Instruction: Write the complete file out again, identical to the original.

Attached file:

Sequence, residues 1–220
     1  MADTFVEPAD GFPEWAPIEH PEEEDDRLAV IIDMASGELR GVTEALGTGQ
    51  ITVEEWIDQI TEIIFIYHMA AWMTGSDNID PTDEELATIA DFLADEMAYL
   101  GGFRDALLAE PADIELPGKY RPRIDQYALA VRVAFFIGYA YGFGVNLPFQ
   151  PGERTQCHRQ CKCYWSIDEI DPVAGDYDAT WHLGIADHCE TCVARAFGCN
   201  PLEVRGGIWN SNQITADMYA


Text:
Sequence, residues 1–220
     1  MADTFVEPAD GFPEWAPIEH PEEEDDRLAV IIDMASGELR GVTEALGTGQ
    51  ITVEEWIDQI TEIIFIYHMA AWMTGSDNID PTDEELATIA DFLADEMAYL
   101  GGFRDALLAE PADIELPGKY RPRIDQYALA VRVAFFIGYA YGFGVNLPFQ
   151  PGERTQCHRQ CKCYWSIDEI DPVAGDYDAT WHLGIADHCE TCVARAFGCN
   201  PLEVRGGIWN SNQITADMYA